30. Aids To Executing The Boyd Cycle In A Rapidly Changing Environment • Liberal education • Aids the individual decision making process as noted above. • Education must be a daily activity; the mind must not be still. • Nature/history walks/exercises/rehearsals • Mental scenarios • Provides full perspective of man and activity interacting in a natural environment • I.e., weather impacts on operations and equipment • Assess the performance levels of your personnel in a dynamic environment

  31. A Simplistic Orientation To Ooda Loop Using Mw Concepts

  32. OODA Loop:Observation • What’s happening? • Where’s the enemy? • What are his surfaces & gaps - • Where are his critical vulnerabilities, and how can I neutralize him? • What opportunities is the enemy presenting to me that I can exploit? • What strengths do I need to avoid?

  33. OODA Loop:Orientation • Assessing your current situation • Shaped by your alertness, desire, education, culture and accumulated experiences. • How to I carry out my commander’s intent and mission based upon this current observation? • What choices can I/he make? • What are his/my limitations? • What are his/my surfaces & gaps? How can I/he exploit them? • What are my/his surfaces & gaps? How can I/he exploit them? • How can I put the enemy in a dilemma? How can he put me in a dilemma?

  34. OODA Loop:Orientation • What choices can I/he make? (Continued) • Third platoon (conducting recon pull) at the north detected a gap in the enemy defense revealing an artillery battery. Third platoon is now my focus of effort since they are now best able to accomplish my mission of neutralizing the enemy’s ability to control LOC chokepoints by fire.

  35. OODA Loop:Decision • Third platoon is now my point of main effort (focus of effort) • I now direct the majority of my fire support assets to third platoon’s mission. • My remaining forces will create a diversion to draw the enemy’s attention away from the gap by third platoon.

  36. OODA Loop:Action • Third platoon has just called for fire deep in the enemy’s rear and destroyed all artillery pieces. They are about to attack the C3 node. • Second platoon will go and reinforce third platoon. First platoon will attack enemy forces from the south east as a diversion. Sniper observer teams w/ division recon will seize key terrain and call for fire on time critical targets threatening our current position. • Enemy forces have just surrendered. • Now the decision cycle begins again during this evolution for this company commander. But, while all of these independent decisions and activities are taking place, other small unit leaders are conducting their own OODA loops in order achieve the commander’s intent and mission.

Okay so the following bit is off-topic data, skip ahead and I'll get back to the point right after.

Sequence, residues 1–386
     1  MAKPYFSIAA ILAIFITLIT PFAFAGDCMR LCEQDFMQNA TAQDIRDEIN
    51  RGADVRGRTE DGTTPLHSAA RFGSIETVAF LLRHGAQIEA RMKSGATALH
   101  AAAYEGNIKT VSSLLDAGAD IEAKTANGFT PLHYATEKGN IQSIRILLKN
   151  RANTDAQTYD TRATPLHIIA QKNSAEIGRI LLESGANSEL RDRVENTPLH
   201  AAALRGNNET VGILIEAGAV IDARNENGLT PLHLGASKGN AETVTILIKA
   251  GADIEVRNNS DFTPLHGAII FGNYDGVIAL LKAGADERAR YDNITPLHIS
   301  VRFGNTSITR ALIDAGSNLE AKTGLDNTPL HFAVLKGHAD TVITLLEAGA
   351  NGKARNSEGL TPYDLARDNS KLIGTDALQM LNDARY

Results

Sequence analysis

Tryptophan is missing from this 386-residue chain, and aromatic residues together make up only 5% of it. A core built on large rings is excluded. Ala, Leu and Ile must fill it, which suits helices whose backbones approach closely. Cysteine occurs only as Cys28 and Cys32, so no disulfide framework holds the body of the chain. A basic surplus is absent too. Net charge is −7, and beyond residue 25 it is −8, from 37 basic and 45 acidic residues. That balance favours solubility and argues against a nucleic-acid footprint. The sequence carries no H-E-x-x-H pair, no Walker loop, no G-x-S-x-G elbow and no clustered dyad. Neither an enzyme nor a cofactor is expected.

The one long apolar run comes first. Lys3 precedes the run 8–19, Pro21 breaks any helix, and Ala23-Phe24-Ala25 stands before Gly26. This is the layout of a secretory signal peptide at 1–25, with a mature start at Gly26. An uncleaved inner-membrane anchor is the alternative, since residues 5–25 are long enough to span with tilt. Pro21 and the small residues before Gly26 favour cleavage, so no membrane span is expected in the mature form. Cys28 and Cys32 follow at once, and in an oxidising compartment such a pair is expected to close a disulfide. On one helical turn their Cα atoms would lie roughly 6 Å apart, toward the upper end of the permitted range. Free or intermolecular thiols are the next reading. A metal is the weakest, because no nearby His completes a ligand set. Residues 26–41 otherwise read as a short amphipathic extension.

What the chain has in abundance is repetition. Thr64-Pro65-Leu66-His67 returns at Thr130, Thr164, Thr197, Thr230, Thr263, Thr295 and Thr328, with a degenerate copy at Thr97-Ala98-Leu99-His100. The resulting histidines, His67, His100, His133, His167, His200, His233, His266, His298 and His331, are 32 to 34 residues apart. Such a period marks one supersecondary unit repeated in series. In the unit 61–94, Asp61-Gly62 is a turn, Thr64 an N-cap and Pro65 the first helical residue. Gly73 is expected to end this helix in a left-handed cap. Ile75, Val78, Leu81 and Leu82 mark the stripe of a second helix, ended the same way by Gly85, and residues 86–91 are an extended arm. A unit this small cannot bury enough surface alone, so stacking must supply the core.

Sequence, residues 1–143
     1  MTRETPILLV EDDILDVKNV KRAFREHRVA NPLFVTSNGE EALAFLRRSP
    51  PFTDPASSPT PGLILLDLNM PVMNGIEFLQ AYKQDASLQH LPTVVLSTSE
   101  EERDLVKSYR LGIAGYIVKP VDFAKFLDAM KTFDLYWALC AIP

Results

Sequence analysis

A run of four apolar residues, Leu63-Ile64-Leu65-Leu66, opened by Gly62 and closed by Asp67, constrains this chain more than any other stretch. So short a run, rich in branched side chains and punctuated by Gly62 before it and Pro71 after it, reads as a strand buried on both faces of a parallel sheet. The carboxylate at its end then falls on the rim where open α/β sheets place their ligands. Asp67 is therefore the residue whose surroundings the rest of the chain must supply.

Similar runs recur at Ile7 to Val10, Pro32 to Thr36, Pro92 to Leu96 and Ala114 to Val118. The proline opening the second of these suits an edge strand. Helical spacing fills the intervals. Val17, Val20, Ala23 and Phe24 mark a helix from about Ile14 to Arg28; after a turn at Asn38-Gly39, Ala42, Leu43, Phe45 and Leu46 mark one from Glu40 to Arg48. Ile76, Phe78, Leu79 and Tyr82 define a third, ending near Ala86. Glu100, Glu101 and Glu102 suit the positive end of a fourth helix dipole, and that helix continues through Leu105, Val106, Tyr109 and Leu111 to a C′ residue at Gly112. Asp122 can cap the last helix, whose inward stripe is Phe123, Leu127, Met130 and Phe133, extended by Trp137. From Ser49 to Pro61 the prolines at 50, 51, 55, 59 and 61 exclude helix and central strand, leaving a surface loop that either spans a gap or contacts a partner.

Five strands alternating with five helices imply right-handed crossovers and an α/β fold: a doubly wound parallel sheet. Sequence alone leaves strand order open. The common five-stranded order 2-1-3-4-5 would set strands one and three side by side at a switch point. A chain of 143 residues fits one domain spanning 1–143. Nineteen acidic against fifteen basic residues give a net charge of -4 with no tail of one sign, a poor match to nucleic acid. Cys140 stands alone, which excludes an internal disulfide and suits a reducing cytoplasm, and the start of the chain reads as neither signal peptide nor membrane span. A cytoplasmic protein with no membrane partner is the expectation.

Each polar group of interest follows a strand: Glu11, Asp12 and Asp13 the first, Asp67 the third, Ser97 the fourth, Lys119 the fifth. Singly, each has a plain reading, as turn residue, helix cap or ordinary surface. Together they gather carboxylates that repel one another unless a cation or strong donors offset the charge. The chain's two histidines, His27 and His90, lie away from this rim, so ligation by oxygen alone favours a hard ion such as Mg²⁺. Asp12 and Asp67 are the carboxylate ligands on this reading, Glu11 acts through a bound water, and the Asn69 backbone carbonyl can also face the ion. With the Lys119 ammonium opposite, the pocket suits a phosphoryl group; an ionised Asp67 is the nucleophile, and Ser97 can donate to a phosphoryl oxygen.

37. Last Note On TheBoyd Cycle • You were just presented a very simplistic mini scenario on how the Boyd cycle essentially works in conjunction with other maneuver warfare concepts. There are no right or wrong answers since everyone’s cycle is different although the OODA loop process may remain the same. Different experiences, different observations may very well result in different actions and decisions. But, the important point to note, is whether or not the commander’s intent and mission were accomplished. That is the bottom line.

  38. Conclusion • This concludes the basic orientation to AW, 4GW and MW. Competitive decision making is an art and skill that must be developed day in and day out as a way of life so decisions can become more second nature, more instinctive in that your mind can process information way faster subconsciously than consciously. • The next page includes sources for further research, study, practice and teaching. Semper fidelis…

  39. Sources • “Terrorism Today And Tomorrow” article by Col Gi Wilson, USMCR, Sgt J.P. Sullivan, LACSD, And LtCol Hal Kempfer, USMCR • “ Fourth Generation Warfare Is Here” by Harold A. Gould And Franklin C. Spinney • “OSS Statement On National Strategy For Terrorism And Other Threats” Press Release Source: OSS Inc. • “Anticipating The Nature Of The Next Conflict,” by GI Wilson, F Bunkers And JP Sullivan • “Terrorism: How Vulnerable Is The United States?” by Stephen Sloan From Terrorism: National Security Policy And The Home Front, Edited By Stephen Pelletiere, published by The Strategic Studies Institute Of The U.S. Army War College, May 1995. • “Will 2GW Thinking Creep Into A 4GW Operation???” article By AFP; Comment By F.C. Spinney. • MCDP 3 Expeditionary Operations by USMC, Chapters 1& 2. • The Essential Boyd, by Grant T. Hammond (can be found on www.belisarius.com This site Is run by Dr Chet Richards). • “The OODA Loop Sketch” found on www.belisarius.com • “MCI 7401- Warfighting” USMC • Art Of War, by Sun Tzu (many translations) or go to www.sonshi.com • On War, by Carl Von Clausewitz (several translations) or go to www.clausewitz.com • Warfighting FMFM-1 USMC • Defense and the National Interest at http://www.d-n-i.net is a storehouse of info like Belisarius.com pertaining to AW, 4GW, and MW by Mr. Chuck Spinney. • Edited w/ comments by Chris Yunker, Major, USMC • Related links can be found via http://www.angelfire.com/journal2/howie137/howie137.htm